Cut the Clutter: A Simple Organization Plan for a Clean and Tidy Home
From time to time, I encounter a skeptical interviewer--a media person or freelance writer who is, shall we say, a bit antithetical to the idea of being organized. Maybe they're free spirits, or they have so much innate organizing ability that the message seems like overkill, but they tend to ask the same question:
"Getting organized saves money? How is that?"
With organizing product sales taking off like an Apollo rocket, it's an easy-to-understand point of view. "Getting organized costs money--you have to buy all those bins and baskets and closet inserts, don't you?" they ask.
Not really. Getting organized is about cutting clutter, creating systems and developing a schedule--and only after you're organized, do you even begin to think about buying more stuff (to contain your other stuff).
Let clutter, disorder and disrupted schedules into your life? It will cost you money. Last week, it cost me $117.
It only took a week like last week to remind me just how much chaos really costs. For that seven-day period, I estimate that I lost $117 through sheer procrastination, systems failure and disorder. Granted, I was a bit preoccupied, spearheading a server upgrade and riding the keyboard for 16 hour days, but the bottom line didn't waver for all that: being disorganized cost me money.
Here's the breakdown.
Monday, I realized that I'd missed the Saturday postmark deadline to return a local drugstore's all-in-one monthly rebate form. Darn! There was $17, right there--up in smoke because I put off the mail for 48 hours.
Tuesday, I came across a computer manufacturer's rebate check in the amount of $30. It was hidden inside a stack of papers in my tickler file and hadn't been cashed. I scanned the small print and sighed: the check was void after March 30, a date nearly two weeks in the past.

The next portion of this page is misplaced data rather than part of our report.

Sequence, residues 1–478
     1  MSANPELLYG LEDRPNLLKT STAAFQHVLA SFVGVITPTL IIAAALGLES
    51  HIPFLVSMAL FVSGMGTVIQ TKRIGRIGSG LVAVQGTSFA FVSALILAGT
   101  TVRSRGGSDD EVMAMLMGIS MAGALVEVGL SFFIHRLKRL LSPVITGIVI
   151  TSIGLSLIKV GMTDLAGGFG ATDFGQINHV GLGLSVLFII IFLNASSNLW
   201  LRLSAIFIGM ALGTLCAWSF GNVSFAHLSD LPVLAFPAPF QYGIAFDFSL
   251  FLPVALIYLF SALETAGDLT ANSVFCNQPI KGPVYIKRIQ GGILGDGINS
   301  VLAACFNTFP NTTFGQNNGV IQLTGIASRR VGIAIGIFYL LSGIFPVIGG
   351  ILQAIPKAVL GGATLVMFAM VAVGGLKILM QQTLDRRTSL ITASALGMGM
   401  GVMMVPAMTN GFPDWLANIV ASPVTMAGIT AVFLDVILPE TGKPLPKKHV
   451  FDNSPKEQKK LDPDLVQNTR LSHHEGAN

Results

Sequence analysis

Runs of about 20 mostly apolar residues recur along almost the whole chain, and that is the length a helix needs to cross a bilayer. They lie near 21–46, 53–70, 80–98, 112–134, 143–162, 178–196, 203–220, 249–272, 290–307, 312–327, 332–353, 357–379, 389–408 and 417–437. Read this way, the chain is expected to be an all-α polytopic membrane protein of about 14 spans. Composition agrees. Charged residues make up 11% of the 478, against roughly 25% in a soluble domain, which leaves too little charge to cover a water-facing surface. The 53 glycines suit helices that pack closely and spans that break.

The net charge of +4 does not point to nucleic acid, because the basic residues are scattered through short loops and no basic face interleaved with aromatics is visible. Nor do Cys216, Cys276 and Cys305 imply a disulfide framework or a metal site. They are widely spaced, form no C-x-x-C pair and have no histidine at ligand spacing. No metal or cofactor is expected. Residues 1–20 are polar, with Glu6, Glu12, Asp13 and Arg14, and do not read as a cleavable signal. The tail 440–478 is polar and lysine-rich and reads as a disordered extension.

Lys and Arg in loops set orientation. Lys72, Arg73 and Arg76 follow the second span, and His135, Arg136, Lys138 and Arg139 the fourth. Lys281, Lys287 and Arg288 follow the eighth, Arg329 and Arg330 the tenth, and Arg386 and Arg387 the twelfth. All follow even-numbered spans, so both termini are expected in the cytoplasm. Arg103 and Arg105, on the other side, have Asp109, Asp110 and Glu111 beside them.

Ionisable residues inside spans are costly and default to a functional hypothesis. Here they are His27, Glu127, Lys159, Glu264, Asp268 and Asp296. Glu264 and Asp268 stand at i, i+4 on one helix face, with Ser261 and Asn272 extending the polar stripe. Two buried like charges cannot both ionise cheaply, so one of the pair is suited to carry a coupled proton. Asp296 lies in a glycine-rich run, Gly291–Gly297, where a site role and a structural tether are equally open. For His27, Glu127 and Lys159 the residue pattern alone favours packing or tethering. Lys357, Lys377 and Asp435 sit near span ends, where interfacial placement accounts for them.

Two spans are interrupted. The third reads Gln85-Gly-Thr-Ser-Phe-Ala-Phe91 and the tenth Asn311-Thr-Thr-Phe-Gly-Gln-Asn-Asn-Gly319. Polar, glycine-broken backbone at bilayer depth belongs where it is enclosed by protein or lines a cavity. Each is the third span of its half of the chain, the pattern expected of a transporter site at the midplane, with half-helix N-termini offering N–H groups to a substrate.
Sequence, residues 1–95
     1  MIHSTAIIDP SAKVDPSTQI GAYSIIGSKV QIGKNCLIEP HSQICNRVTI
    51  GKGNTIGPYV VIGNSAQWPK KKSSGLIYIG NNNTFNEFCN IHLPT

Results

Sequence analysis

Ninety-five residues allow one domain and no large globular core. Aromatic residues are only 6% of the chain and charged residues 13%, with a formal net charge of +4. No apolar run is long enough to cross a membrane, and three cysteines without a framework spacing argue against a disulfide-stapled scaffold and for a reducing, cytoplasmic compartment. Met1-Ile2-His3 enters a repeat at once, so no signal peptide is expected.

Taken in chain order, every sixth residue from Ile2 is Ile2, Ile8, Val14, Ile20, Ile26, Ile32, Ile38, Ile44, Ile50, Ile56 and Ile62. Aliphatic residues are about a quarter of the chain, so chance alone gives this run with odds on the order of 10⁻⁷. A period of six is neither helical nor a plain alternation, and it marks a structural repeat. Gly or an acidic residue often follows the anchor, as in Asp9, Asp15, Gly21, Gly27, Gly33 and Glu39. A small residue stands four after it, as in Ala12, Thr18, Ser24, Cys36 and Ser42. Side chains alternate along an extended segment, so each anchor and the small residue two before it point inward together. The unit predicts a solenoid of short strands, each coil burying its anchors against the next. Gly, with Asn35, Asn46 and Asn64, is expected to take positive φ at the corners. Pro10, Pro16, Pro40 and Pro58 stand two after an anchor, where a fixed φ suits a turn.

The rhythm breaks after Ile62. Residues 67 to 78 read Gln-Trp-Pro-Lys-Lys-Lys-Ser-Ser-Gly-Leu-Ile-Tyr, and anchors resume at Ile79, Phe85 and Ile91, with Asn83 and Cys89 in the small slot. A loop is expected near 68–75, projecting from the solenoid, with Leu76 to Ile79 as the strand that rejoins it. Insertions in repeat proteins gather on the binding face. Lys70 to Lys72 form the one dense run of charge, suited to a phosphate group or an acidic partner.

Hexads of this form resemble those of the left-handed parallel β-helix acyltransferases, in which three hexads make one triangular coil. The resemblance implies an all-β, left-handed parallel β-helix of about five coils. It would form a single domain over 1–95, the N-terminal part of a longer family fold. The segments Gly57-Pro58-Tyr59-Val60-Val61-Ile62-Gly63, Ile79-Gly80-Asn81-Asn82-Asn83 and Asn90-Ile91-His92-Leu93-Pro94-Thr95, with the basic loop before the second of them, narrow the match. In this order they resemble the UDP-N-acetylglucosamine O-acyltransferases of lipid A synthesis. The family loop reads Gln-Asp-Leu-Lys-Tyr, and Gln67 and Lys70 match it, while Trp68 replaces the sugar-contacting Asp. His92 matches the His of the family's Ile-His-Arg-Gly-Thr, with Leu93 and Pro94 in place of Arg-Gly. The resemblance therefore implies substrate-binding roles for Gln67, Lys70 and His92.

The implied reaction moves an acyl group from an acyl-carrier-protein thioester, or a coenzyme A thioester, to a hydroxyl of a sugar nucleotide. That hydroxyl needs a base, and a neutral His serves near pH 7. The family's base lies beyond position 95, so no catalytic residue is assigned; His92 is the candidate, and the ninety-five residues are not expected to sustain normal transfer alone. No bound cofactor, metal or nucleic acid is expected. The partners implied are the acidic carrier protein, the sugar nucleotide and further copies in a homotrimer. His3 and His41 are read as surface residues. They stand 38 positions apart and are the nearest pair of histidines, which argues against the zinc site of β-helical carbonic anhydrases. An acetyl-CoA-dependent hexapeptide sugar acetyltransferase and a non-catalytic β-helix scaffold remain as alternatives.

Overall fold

Mental note: tickle the file a bit more carefully, Cynthia.
Wednesday, I broke from non-stop computer-geek action to make a grocery store run. Our area had recently hosted the "Taste of Home" food show, and I'd carefully cut a $5 off coupon out of the paper earlier in the week.
I forgot it. Another lost $5 because my systems were out-of-order.
Thursday, I stubbed a toe on some left-over construction supplies, bought but not used during a recent home improvement project. "I need to find the receipt and return those," I reminded myself. Later that night, I even remembered to hunt up the receipt.
The 30-day return period had expired .... four days earlier. There's another $26 worth of not-needed floor planking taking up space in my garage, and a new disorganized first: floor clutter.
Friday, I squeezed out some time at the computer to pay bills. I'd let them pile up while I was working, and now it was time to pay the piper.
And the late fee: $39 to a credit card company who'd recently, sneakily changed their billing cycle. Zowie!
Which brings me back to those interviewers. Many who ask the hard questions or cop the rolled-eyes have made some assumptions about me; chief among them, that I border on obsessive in the pursuit of order.
I just happen to think that $117 has better places to go than into thin air ... say, some new software?